abortion as a woman’s liberty is most thoroughly discussed in Planned Parenthood
v. Casey, 505 U.S. 833 (1992).
2003] Abortion Decisions 99

risks. More importantly, constitutional liberties may restrict the
ability of the State to regulate abortion, but they do not impose a duty
on a physician to provide a contraindicated procedure which would
violate his best medical judgment, conscience, or both. It is
inconceivable that the Supreme Court would mandate that physicians
have a duty to perform dangerous abortions on women simply because
women request them. By imposing the subservient model of medical
decision-making on physicians, even in regard to just this one
“treatment,” the Court would be laying a constitutional basis for
physicians to be “subservient” in regard to all “treatment” demands.
Conversely, it seems unlikely that the Court would entertain an
argument from abortion providers that they have a constitutionally
protected right to provide contraindicated abortions—particularly
without informing the woman of her heightened risks.
The issue of risk factors does not provide a direct means for the
State to limit women’s access to abortion. The evaluation of risk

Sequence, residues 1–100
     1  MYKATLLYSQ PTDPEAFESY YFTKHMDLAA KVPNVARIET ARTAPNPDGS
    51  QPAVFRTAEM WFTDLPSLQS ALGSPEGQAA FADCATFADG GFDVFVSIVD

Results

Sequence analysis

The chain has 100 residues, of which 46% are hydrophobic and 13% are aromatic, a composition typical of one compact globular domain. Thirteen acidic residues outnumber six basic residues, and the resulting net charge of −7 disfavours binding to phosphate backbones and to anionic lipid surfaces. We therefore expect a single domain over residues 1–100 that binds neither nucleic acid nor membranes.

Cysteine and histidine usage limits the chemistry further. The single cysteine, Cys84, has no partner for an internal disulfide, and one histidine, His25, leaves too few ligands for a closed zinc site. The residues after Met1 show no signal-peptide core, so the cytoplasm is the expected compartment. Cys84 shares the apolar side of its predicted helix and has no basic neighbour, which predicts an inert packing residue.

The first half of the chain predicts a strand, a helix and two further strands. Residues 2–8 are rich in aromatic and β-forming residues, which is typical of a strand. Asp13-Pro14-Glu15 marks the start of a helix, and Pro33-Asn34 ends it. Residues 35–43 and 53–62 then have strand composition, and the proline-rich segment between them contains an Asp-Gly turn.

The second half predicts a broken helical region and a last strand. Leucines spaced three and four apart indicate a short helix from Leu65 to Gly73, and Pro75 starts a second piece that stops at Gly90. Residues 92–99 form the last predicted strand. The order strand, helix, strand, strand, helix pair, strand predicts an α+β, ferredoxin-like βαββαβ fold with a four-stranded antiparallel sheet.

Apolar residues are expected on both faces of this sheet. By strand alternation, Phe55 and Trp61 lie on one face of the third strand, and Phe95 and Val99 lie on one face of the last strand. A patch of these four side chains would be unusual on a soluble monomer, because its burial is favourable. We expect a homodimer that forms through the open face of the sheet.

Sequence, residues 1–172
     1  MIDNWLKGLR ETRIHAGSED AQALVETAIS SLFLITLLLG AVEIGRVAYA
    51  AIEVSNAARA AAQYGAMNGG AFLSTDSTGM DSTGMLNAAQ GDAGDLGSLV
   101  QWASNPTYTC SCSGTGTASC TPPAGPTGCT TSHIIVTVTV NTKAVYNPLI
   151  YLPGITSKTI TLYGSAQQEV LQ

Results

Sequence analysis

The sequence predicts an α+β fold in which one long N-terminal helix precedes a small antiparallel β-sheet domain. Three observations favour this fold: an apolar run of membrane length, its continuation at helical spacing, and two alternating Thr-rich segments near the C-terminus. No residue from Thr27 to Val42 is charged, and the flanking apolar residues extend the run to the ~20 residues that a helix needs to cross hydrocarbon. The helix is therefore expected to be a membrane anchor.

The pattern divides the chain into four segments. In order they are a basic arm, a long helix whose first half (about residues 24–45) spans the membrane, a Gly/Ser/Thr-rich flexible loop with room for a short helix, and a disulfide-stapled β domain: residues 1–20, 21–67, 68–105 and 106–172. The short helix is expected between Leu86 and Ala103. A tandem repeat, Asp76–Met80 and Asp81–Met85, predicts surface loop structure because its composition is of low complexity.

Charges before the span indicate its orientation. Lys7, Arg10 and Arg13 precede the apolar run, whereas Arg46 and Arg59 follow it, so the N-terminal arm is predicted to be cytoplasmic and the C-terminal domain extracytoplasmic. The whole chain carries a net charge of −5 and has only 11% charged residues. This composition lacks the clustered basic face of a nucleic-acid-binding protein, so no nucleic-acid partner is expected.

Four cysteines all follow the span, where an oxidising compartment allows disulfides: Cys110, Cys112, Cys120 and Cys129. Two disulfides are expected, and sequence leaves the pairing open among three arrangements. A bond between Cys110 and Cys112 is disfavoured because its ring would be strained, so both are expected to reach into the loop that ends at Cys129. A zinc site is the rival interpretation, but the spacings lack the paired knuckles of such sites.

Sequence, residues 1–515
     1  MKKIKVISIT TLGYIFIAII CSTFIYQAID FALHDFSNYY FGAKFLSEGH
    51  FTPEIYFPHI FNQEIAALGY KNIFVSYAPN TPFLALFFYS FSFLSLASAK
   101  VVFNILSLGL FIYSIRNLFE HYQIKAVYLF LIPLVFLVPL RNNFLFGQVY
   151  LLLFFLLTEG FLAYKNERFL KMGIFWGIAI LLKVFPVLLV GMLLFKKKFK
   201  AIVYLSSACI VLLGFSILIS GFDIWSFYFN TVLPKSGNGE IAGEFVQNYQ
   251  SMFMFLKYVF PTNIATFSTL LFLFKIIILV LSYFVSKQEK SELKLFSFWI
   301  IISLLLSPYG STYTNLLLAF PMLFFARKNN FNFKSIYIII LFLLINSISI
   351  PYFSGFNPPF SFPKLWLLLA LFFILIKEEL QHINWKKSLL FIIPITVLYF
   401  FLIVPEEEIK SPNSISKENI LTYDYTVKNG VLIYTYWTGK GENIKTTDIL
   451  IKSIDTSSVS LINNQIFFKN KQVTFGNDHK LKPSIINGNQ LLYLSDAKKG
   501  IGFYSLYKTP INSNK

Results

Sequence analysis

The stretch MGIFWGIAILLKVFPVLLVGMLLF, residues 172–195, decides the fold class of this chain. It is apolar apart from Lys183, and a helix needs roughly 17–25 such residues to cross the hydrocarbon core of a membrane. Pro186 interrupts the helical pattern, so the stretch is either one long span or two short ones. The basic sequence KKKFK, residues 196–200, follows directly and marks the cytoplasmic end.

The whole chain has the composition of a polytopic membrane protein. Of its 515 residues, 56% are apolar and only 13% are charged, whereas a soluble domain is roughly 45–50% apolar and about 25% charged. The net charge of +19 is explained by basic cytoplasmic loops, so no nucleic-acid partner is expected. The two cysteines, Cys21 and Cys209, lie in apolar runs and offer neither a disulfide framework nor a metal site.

factors and determination that an abortion for a particular woman is
contraindicated is a medical task. It does seem reasonable, however,
that the State might require physicians to screen for psychological risk
factors because of the State’s interest in protecting women’s health.
The goal of protecting women from psychological injuries resulting
from abortion is heightened by the fact that many women seek
abortion primarily in the hope of obtaining psychological benefits. In
that regard, the psychological outcome may be the most pertinent to
women. In short, if abortion is sought and recommended for
psychosocial reasons, it seems obvious that screening should
encompass a psychosocial risk/benefit analysis.
The determination of how many risk factors must be present before
an abortion is contraindicated is a question of medical judgment.
Additional research and expert consensus might be able to establish

226. “Some amici argue that the woman’s right is absolute and that she is
entitled to terminate her pregnancy at whatever time, in whatever way, and for
whatever reason she alone chooses. With this we do not agree.” Roe, 410 U.S. at
153. “The privacy right involved, therefore, cannot be said to be absolute . . . . The
Court has refused to recognize an unlimited right of this kind in the past.” Roe, 410
U.S. at 154. “Even an adult woman’s right to an abortion is not unqualified.”
Matheson, 450 U.S. at 419 (Powell, J., and Stewart, J., concurring); see Danforth,